tients, exhibited increased expression of the p65 subunit as well as increased NF-␬B DNA binding [107]. It has been reported that mice deficient in the p50 subunit of NF-␬B were incapable of mounting eosinophilic airway inflammation due to a diminished capacity to produce IL-5 and eotaxin [108]. All these point towards a putative role of NF-␬B in the pathogenesis of asthma. Selective inhibition of this transcription factor, therefore, would seem to be a promising strategy for the treatment of this airway disease. Most approaches developed to date are targeted at either the signaling pathway leading to the activation of NF-␬B, or the binding of NF-␬B to DNA. Inhaled glucocorticoids are the mainstay of asthma management, and they inhibit the production of many inflammatory products, some of which are a consequence of NF-␬B activation [109]. Glucocorticoids have been shown to directly inhibit NF-␬B via a protein–protein interaction between glucocorticoid receptors and NF-␬B, and they may also enhance the expression of I␬B in some cell types [110]. The immunosuppressive agents cyclosporin A and FK506 also have been shown to inhibit the activation of NF-␬B, possibly via inhibition of calcineurin by the cyclosporin A/cyclophilin A or FK506/FKBP12 complex [111], or by inhibition of proteolysis of I␬B by the proteasome [112]. On the other hand, the immunosuppressive agent PG490 (triptolide) inhibits NF-␬B action by blocking transcriptional activation of NF-␬B at a step after specific DNA binding [113]. Substances such as the antioxidant pyrrolidine dithiocarbamate, gold-containing compounds, aspirin, and other salicylates also have been shown to inhibit NF-␬B [114]. All these compounds, however, are non-selective inhibitors of NF-␬B and likely will produce substantial adverse effects. Nonetheless, they may be used as lead compounds for the development of more specific and more potent NF-␬B inhibitors. Indeed, it has been shown that 4-trifluoromethyl derivatives of salicylate, such as triflusal and its metabolite 2-hydroxy-4-trifluoromethylbenzoic acid, are more potent inhibitors of TNF-␣-induced NF-␬B activation than are aspirin and sodium salicylate [115]. Other potent inhibitors of NF-␬B activation include the serine protease inhibitor N-tosyl-L-phenylalanine chloromethyl ketone (TPCK), and the tyrosine phosphatase inhibitor phenylarsine oxide (PAO) [116]. TPCK was shown to inhibit I␬B␣ degradation in a concentrationdependent manner, whereas PAO completely abolished TNF-␣-induced degradation of I␬B and NF-␬B activation. Several natural products also have been found to possess potent and specific NF-␬B inhibitory activities. It was reported that gliotoxin, a fungal metabolite, prevented degradation of I␬B␣ at nanomolar concentrations without affecting the activation of other transcription factors such as nuclear factor of activated T cells and CREB [117]. Likewise, hymenialdisine, a marine natural product, reduced DNA binding of NF-␬B without affecting the activity of protein kinase C or the binding of activator protein-1, CCAAT/enhancer binding protein, and Sp1 to their DNA consensus motifs [118]. In addition, helenalin, a sesquiter-

W. S. F. Wong and D. S. K. Koh


pene lactone extracted from the flowerheads of Arnica montana and A. chamissonis, inhibited NF-␬B activation by selectively alkylating the p65 subunit of NF-␬B without affecting the activity of Oct-1, TBP, Sp1, and STAT5 [119, 120]. Other potential blockers of NF-␬B activation include inhibitors of ubiquitin ligase [121], the proteasome [122], and IKK complexes [123]. CONCLUSION This review has sought to provide the reader with current knowledge on the development of novel therapeutic agents targeted at several newly identified inflammatory processes or signaling molecules for the treatment of asthma. Some of these agents are already in their last phase of clinical trials, while the others are at the early stage of experimental investigation. The scope of this review is limited to those novel approaches that primarily modulate the unbalanced immunological responses in asthma. Therefore, the development of other novel pharmacological agents such as adenosine antagonists [124], tachykinin and kinin antagonists [125, 126], and K⫹ channel openers [127] is not included. Among the various strategies mentioned, anti-IgE mAb and PDE4 inhibitors are the two most promising approaches that have reached their final phase of clinical trials. Anti-IgE mAb likely will be the first therapeutic antibody to be used in asthma. The major concern about mAb therapy is the development of anti-idiotypic host antibodies, resulting in rapid clearance of the therapeutic mAb and prevention of repeated usage. However, the humanized rhuMAb-E25 seems to be well tolerated by test subjects, with hardly any incidence of it inducing antiidiotypic responses. The second-generation PDE4 inhibitors have demonstrated potent anti-inflammatory effects against immune and inflammatory cells in asthmatics. The major adverse effects of nausea and vomiting associated with the use of rolipram, the first-generation PDE4 inhibitor, have been reduced substantially with the use of the second-generation PDE4 inhibitors (i.e. SB207499 and CDP840). Although several clinical experiments reported beneficial effects using inhaled heparin in asthmatics, the usefulness of this agent is still limited by the concern of its inherent anticoagulant activity. Whereas heparin acts by physically binding to a variety of pro-inflammatory molecules, whether it may also non-selectively bind to and down-regulate some other endogenous anti-inflammatory molecules remains to be confirmed. It is essential to determine the optimal molecular weight range and the pattern and degree of sulphation of the so-called “NAFheparin,” and to compare the various aspects of antiinflammatory activities of unfractionated heparin with those of NAF-heparin [128]. IL-4 traditionally has been regarded as a pro-inflammatory cytokine in asthma. As such, IL-4 soluble receptors and anti-IL-4 mAb have been developed as therapeutic ap-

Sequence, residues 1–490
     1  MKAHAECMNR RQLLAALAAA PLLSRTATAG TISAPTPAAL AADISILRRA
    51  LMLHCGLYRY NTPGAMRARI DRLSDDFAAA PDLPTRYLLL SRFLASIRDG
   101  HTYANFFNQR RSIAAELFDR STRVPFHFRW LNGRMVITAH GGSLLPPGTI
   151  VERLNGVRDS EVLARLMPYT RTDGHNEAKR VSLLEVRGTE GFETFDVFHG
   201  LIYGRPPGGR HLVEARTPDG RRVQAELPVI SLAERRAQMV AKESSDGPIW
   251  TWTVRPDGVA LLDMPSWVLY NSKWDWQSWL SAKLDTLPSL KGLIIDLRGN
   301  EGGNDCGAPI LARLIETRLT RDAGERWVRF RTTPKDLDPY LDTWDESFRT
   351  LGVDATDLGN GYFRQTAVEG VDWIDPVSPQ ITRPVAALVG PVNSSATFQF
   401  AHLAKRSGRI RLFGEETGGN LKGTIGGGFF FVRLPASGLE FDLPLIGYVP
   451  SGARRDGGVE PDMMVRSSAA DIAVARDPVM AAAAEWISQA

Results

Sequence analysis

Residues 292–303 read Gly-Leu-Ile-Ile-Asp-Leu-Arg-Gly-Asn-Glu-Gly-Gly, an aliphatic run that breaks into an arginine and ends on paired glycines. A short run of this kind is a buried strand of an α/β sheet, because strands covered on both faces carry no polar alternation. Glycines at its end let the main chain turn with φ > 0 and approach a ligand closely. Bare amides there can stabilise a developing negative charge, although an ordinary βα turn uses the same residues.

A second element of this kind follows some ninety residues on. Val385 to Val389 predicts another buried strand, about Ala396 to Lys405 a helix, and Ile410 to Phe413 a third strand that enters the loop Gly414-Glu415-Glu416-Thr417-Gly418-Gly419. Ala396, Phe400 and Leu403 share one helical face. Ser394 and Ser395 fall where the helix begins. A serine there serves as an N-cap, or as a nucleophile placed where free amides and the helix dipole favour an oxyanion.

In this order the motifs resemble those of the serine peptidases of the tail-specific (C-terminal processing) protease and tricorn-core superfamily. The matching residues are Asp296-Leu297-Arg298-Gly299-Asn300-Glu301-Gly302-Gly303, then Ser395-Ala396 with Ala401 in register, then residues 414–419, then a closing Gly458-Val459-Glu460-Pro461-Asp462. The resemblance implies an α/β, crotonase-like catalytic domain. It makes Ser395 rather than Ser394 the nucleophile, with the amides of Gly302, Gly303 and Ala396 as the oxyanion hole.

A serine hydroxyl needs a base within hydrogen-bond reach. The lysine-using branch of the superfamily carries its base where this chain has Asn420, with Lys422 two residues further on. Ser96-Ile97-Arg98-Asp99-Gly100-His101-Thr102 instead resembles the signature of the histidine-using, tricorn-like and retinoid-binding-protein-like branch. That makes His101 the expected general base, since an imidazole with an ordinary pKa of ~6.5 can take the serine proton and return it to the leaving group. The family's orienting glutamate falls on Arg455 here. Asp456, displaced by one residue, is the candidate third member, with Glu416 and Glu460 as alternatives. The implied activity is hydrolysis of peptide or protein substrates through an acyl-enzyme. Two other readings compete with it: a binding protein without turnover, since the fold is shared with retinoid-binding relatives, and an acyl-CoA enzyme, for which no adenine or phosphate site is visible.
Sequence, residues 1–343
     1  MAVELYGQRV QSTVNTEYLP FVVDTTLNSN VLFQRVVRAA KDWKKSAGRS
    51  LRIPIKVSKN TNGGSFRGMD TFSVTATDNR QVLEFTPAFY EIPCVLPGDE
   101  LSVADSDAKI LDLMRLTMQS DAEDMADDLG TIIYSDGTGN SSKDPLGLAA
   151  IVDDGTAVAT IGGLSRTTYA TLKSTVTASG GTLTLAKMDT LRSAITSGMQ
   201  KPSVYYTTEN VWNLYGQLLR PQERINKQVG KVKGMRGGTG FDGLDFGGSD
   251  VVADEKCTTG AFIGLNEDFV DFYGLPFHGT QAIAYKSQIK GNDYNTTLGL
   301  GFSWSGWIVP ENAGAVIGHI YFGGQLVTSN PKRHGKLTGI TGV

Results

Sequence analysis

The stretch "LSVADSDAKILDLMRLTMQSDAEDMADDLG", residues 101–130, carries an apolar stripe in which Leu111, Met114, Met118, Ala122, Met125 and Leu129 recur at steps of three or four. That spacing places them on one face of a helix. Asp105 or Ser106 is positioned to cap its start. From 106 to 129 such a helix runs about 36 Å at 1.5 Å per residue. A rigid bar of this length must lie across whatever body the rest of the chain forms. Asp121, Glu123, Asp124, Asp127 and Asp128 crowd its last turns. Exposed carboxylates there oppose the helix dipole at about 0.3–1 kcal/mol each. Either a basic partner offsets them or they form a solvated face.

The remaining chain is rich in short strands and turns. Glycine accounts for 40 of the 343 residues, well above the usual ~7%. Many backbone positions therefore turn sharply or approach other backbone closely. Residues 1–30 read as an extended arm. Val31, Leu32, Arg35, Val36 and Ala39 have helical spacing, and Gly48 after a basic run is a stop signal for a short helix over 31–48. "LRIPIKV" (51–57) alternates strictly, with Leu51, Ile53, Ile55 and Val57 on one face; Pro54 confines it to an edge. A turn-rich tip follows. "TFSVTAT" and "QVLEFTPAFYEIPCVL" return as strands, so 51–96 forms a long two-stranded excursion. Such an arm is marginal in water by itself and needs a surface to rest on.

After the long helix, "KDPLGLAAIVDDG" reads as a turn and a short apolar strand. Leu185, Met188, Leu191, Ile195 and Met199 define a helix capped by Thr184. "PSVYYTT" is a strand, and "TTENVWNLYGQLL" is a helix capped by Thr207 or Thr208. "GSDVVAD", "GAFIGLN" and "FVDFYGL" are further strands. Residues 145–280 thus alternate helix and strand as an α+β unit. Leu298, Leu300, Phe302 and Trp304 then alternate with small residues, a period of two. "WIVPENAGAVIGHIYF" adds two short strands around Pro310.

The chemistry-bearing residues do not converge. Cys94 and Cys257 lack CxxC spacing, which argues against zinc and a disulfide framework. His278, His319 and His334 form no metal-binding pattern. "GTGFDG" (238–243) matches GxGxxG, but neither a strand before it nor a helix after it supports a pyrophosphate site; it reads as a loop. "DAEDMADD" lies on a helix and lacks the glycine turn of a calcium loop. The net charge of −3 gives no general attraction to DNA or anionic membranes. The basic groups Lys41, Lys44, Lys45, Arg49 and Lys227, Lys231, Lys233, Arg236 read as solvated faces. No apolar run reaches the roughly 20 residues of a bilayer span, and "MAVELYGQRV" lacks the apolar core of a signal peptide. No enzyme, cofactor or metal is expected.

proaches to neutralize the undesirable effects of this pleiotropic cytokine. Recent findings, however, indicated that IL-4 also possesses anti-inflammatory actions such as reduction in gene expression of RANTES [129], TNF-␣ and IL-1 [130], suppression of the biosynthesis of metalloproteinases [131], and inhibition of mitogen-induced proliferation of airway smooth muscle cells [132]. While IL-4 soluble receptors and anti-IL-4 mAb generally have demonstrated useful anti-inflammatory actions in animals and asthmatics, their long-term dampening effects on the anti-inflammatory actions of IL-4 cannot be ignored. In contrast, the expression of IL-5 receptor is restricted mainly to eosinophils and basophils. The use of anti-IL-5 mAb is, therefore, relatively specific for the attenuation of eosinophilic inflammation in asthma. On the other hand, it has been shown that binding of IL-4 and IL-5 to their cognate receptors activates multiple JAKs and STATs for cellular responses. Since STAT6 has been shown to be selectively stimulated by IL-4 receptor activation, it is an even more specific target for pharmacological intervention. Development of a STAT6 inhibitor has now become one of the major research efforts in the immunopharmacology of asthma. On the other hand, Lyn and Syk are the two major non-receptor protein tyrosine kinases that are activated rapidly upon antigen receptor occupation, and are responsible for initiation of intracellular signal transduction upon antigen challenge. Inhibition of Lyn or Syk activity has been shown to interrupt the downstream signaling cascade and the antigenic responses. From the viewpoint of mechanism-based pharmacological research, Lyn and Syk are very attractive targets for drug development. However, the family of protein tyrosine kinases is so large, with multiple subfamilies, that it poses a huge, yet surmountable, hurdle for the design of drugs with high enough specificity for these two protein tyrosine kinase subtypes. NF-␬B, a downstream transcription factor of the tyrosine kinase signaling cascade, is responsible for the production of a variety of pro-inflammatory cytokines and seems to be a promising therapeutic target for pharmacological manipulation. However, studies in knockout mice have demonstrated that NF-␬B deficiency results in immune deficit or even lethal developmental abnormalities [133, 134]. Additional studies need to be carried out to determine the effectiveness and side-effect profiles of NF-␬B inhibitors. This work was supported by Grant NMRC/0169/1996 of the National Medical Research Council of Singapore (W. S. F. W.).